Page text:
Why Sail A Snipe?

by Carol Newman
Originally published in the Snipe Bulletin, March 1995

Carol Newman is an expert Snipe crew and a regular contributor of Snipe news to Sailing World and other sailing publications. She can be seen racing in Snipe regattas around the country with Ed Adams, Andy Pimental, and Henry Filter.
Pick up any recent sailing magazine and it will remind you (subliminally or otherwise) how many racy new one-design options there are for today's recreational races. What, then, keeps such a large group of sailors from all levels addicted to the sixty-two year old Snipe?

People will only remain active in a class if they have fun at regattas. And regatta fun depends on a combination of three basic ingredients: competitive racing, fun parties, and something unpredictable, which prevents the nagging sensation that you've just been to a repeat of your favorite movie.

The Snipe class has an abundance of these three ingredients. Fleets are deep with diverse racing talent, providing excellent competition at every skill level. Olympic aspirants use the tactically tough racing to hone their skills, but weekend sailors who want to teach their kids to race join in as well. The variety of people and racing goals present at every regatta keeps the class strong and prevents it form becoming too ingrown.

It is not unusual to have world champions from other classes vying with each other for a spot on the Snipe starting line. But unlike more professional classes, these same world champions will be open with advice for their less-experienced competitors at the bar after racing. A friendly atmosphere coexists with tough racing, regatta after regatta. The Snipe class is where college sailors go to die and world champions come to relax. The combination is anything but dull.

Another advantage of the Snipe is that you can start off young in the boat and grow old without ever leaving your age group. At the 1993 US Nationals, Lucas Diaz, then 13, was narrowly beaten by his grandfather for 12th place in the championship fleet. There are usually three Diaz generations at regattas, and it is clear from their example that significant birthdays need not put a halt to future Snipe fun for many years to come.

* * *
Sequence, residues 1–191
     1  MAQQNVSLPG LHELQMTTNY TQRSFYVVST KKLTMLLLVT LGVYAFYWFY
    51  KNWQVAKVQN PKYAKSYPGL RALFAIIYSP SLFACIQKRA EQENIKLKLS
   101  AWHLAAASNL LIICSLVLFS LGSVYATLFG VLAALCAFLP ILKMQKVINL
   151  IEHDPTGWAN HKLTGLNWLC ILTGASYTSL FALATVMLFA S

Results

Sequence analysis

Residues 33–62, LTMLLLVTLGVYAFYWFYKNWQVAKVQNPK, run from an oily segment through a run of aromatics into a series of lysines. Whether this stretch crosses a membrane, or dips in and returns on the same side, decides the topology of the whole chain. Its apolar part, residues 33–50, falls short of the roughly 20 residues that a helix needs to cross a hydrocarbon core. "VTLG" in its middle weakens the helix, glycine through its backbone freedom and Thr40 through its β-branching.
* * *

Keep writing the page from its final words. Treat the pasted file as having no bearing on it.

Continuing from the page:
Kids are welcome at regattas even before they reach racing age, which keeps parents racing. Babysitting is provided at many events, and children of all ages play with their future competitors ashore while their parents enjoy the tough competition on the water.

But enough about the racing, what about the parties? Again, the broad mix of ages gives Snipe socializing a special flavor. So does the Blender. The brainchild of the Cleveland, Ohio fleet, the large metal industrial Blender that travels around the country to all major Snipe regattas has created its own following. One devoted fan even built an insulated travel bag for the gadget, with special pockets for ice, cups and bottles.

So the parties are fun, the racing is highly competitive. That's two out of three. As for that something unpredictable... well, the Snipe class has always attracted strong personalities, and the combination of several usually leads to something memorable. But that's the part you'll have to experience for yourself.

In spite of the traditions which have been established over the years, Snipe regattas never feel like the same old party. The class is deep and broad based enough to provide variety at every event. And each sailor brings the right mix of competitive and social spirit to guarantee a fun time, both on and off the water. If you're a regular, you already know what I mean. And if you've never been to a Snipe regatta, jump at the next chance or make it happen somehow. It's an experience not to be missed.